Tehran, Feb 21, IRNA-Foreign Minister Manouchehr Mottaki said on Tuesday that in his recent talks with representatives of the European Parliament, he criticized EU double standards on human rights issue.
Speaking to reporters on the sidelines of the 6th session of the Ministerial Council of the Indian Ocean Rim Association for Regional Cooperation (IOR-ARC), Mottaki said he also mentioned to the representatives, cases of human rights violation regarding religious minorities, particularly Muslims, in Europe, including the recent insulting cartoons in Danish newspapers of the Holy Prophet of Islam Mohammad (Peace Be Upon Him).
As for terrorism, the minister said that he discussed the need to find a clear-cut and distinctive definition of terrorism so that it would differentiate between nations' struggle to liberate their homelands and the acts of terrorism perpetrated by terrorists.
Touching upon the issue of weapons of mass destruction (WMD), Mottaki said he had stressed in the European Parliament that Tehran has been and still is committed to its opposition to the deployment of weapons of mass destruction while Europeans violated their commitments in this regard by providing Iraq with such weapons during Iraqi 8-year imposed war against Iran under the ousted Saddam Hussein.
With the help of over 200 European and American companies, said the minister, Iraq had been able to use WMD against Iranians 400 times during its imposed war.
"I told them (EP representatives) in a friendly and clear tone that it was their countries that provided Iraq with such destructive facilities," Mottaki added.
As for the issue of Iran's nuclear programs, the minister said he made it clear for the Europeans that Tehran was ready to discuss a new plan regarding the issue so that it could make a link between stance of Europeans and that of Iran on its right to use peaceful nuclear technology.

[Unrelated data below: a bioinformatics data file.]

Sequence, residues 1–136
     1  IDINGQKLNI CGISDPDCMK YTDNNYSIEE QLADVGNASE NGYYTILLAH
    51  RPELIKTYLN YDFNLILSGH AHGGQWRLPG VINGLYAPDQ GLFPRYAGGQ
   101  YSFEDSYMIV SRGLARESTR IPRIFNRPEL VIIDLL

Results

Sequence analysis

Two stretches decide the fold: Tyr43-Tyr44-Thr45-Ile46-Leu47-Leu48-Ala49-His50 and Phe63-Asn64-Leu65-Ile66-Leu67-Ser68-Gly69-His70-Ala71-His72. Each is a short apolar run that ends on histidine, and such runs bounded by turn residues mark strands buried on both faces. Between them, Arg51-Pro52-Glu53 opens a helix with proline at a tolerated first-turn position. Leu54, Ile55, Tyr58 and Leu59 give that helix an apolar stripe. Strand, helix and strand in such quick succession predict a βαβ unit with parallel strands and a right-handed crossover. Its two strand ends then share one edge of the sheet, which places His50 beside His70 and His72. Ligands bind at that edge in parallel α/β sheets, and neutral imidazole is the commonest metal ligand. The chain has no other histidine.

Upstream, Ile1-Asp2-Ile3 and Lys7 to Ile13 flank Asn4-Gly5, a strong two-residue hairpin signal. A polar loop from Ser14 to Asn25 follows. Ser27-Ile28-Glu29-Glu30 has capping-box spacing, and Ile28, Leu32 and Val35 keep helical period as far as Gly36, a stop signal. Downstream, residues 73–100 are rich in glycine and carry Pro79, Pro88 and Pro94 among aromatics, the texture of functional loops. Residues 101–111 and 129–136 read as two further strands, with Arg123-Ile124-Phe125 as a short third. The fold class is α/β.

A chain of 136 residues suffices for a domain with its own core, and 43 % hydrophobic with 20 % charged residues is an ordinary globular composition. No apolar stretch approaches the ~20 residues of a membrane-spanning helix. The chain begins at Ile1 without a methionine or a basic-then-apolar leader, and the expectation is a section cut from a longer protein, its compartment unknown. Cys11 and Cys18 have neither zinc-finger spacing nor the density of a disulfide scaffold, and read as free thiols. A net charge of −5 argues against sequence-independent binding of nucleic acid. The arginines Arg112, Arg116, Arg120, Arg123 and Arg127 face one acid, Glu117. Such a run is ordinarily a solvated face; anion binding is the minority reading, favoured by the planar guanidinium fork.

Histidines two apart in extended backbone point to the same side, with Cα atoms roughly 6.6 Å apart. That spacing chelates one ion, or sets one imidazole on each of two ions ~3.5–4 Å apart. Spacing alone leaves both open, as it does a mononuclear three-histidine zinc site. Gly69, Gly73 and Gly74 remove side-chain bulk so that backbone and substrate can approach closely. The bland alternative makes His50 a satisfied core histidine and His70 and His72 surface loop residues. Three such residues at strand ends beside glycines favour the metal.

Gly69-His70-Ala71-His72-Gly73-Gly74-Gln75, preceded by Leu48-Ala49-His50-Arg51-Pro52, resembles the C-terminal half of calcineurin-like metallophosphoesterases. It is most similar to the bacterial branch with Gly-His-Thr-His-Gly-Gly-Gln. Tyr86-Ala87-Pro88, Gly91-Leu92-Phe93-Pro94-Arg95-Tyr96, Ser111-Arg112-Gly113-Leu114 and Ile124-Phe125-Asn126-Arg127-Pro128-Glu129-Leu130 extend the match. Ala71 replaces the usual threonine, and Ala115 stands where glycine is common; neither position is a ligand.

Referring to the stances of Europe and Iran, He added "Europeans fear that Iran would probably deviate from its peaceful nuclear program towards building atomic bombs whereas Iran is seeking ways to act upon its indisputable right for acquiring peaceful nuclear technology."
Mottaki noted that concerning Iran's policy to support Iraq and formation of an Iraqi government as the final step in this respect, "We recommended two significant issues of terrorist moves and continued occupation of Iraq to be added to the agenda.
"At the meeting, we stressed that the Iraqi government should promote and indigenize security in the country."
The minister said that it was pointed out that a time table should be drawn up for the withdrawal of foreign troops from Iraq and it was reminded that continued occupation can lead to a pretext for further terrorist acts.
"The other point about Iraq mentioned at the meeting was the horrible images of the Abu Ghraib prison in the city of Basra, southern Iraq, where the Iraqi youth were tortured by the US and British soldiers and the head of EU Foreign Relations Commission was called upon to assign a committee with research on the issue and report the outcome to the European Parliament," he added.
The official said that Iran's proposal was welcomed and that the Europeans referred to a similar move in Guantanamo Bay prison.
"Similar to the UN Secretary General Kofi Annan, they called for closure of this detention center," he added.
He said that this was followed by a one-hour question-answer, during which questions were brought up by EU representatives, which provided a suitable opportunity for enlightenment of Europe's public opinion and their closer acquaintance with Iran's stance.
"Judging by the questions raised at the session, we realized that further steps are required for making contact with the public opinion of the European states.
"He declared the readiness of Iran's government and Foreign Ministry to pave the way for broader communication between the European communities and universities and Iranian higher educational centers," he said.
In response to a question whether Holocaust was discussed at the meeting, he said in reply to the great number of questions raised on the issue, they were recommended to consider the right form of question asked by Iran.
"It is interesting that they were by no way prepared to discuss the issue openly, but rather underlined that this was a historical event, while emphasizing the crimes committed by themselves.
"Meanwhile, we told them that if you insist on admitting that you have actually burnt six million men, neither President Ahmadinejad nor the Iranian nation will raise any objection. The second question concerned the reason the Europeans abuse Muslims to make up for such crimes, to which nobody answered," concluded Mottaki.
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